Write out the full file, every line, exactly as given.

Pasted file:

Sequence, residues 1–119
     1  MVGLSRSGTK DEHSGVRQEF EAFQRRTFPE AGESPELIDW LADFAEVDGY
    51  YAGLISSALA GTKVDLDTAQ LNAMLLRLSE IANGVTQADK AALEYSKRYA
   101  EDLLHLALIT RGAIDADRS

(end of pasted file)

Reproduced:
Sequence, residues 1–119
     1  MVGLSRSGTK DEHSGVRQEF EAFQRRTFPE AGESPELIDW LADFAEVDGY
    51  YAGLISSALA GTKVDLDTAQ LNAMLLRLSE IANGVTQADK AALEYSKRYA
   101  EDLLHLALIT RGAIDADRS